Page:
Document Detail


Cranial morphometry of early hominids: facial region.
MedLine Citation:
PMID:  3136656     Owner:  NLM     Status:  MEDLINE    
Abstract/OtherAbstract:
We report here on early hominid facial diversity, as part of a more extensive morphometric survey of cranial variability in Pliocene and early Pleistocene Hominidae. Univariate and multivariate techniques are used to summarise variation in facial proportions in South and East African hominids, and later Quaternary groups are included as comparators in order to scale the variation displayed. The results indicate that "robust" australopithecines have longer, broader faces than the "gracile" form, but that all australopithecine species show comparable degrees of facial projection. "Robust" crania are characterised by anteriorly situated, deep malar processes that slope forwards and downwards. Smaller hominid specimens, formally or informally assigned to Homo (H. habilis, KNM-ER 1813, etc.), have individual facial dimensions that usually fall within the range of Australopithecus africanus, but which in combination reveal a significantly different morphological pattern; SK 847 shows similarly hominine facial proportions, which differ significantly from those of A. robustus specimens from Swartkrans. KNM-ER 1470 possesses a facial pattern that is basically hominine, but which in some respects mimics that of "robust" australopithecines. Early specimens referred to H. erectus possess facial proportions that contrast markedly with those of other Villafranchian hominids and which suggest differing masticatory forces, possibly reflecting a shift in dietary niche. Overall the results indicate two broad patterns of facial proportions in Hominidae: one is characteristic of Pliocene/basal Pleistocene forms with opposite polarities represented by A. boisei and H. habilis; the other pattern, which typifies hominids from the later Lower Pleistocene onwards, is first found in specimens widely regarded as early representatives of H. erectus, but which differ in which certain respects from the face of later members of that species.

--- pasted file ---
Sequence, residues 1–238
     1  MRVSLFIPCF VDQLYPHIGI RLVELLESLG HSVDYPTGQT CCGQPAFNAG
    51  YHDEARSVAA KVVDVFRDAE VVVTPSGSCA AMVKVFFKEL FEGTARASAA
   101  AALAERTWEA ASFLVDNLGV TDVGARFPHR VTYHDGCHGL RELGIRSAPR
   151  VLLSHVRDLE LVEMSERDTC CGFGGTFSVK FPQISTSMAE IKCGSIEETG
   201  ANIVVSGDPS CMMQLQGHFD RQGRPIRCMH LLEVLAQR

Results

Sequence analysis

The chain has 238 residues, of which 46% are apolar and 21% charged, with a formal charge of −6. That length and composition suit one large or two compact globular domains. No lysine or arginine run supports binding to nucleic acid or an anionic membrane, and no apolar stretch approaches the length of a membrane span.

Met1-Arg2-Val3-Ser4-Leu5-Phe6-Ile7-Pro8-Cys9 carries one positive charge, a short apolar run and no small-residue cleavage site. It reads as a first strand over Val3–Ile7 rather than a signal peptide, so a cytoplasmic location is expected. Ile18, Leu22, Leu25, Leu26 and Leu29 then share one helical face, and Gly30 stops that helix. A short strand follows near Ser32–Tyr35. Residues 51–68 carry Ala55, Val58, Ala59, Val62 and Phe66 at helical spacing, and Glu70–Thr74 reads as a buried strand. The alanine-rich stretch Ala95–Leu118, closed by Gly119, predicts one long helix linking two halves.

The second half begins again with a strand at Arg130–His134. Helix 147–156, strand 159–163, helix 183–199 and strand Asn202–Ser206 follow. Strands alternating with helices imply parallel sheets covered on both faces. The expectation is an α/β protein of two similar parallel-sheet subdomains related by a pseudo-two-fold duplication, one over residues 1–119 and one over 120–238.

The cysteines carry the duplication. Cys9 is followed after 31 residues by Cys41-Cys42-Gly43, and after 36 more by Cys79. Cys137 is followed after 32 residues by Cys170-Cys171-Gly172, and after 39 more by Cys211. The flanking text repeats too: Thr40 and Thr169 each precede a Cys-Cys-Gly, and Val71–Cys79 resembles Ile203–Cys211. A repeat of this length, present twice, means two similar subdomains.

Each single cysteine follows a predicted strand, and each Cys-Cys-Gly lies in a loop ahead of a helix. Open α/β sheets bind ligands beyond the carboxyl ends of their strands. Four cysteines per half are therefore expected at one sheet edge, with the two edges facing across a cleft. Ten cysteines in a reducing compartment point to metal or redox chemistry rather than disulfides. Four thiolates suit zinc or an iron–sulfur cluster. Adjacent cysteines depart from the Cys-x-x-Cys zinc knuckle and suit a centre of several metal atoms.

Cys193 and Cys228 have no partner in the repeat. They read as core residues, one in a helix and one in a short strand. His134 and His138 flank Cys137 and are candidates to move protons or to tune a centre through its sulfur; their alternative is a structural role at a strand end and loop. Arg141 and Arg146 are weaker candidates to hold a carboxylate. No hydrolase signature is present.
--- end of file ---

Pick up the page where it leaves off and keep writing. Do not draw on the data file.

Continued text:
Authors:
A Bilsborough; B A Wood
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Publication Detail:
Type:  Journal Article; Research Support, Non-U.S. Gov't    
Journal Detail:
Title:  American journal of physical anthropology     Volume:  76     ISSN:  0002-9483     ISO Abbreviation:  Am. J. Phys. Anthropol.     Publication Date:  1988 May 
Date Detail:
Created Date:  1988-09-22     Completed Date:  1988-09-22     Revised Date:  2006-11-15    
Medline Journal Info:
Nlm Unique ID:  0400654     Medline TA:  Am J Phys Anthropol     Country:  UNITED STATES    
Other Details:
Languages:  eng     Pagination:  61-86     Citation Subset:  IM    
Affiliation:
Department of Anthropology, University of Durham, England.
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MeSH Terms
Descriptor/Qualifier:
Animals
Cephalometry
Facial Bones / anatomy & histology*
Fossils*
Haplorhini / anatomy & histology*
Humans
Paleontology*

From MEDLINE®/PubMed®, a database of the U.S. National Library of Medicine


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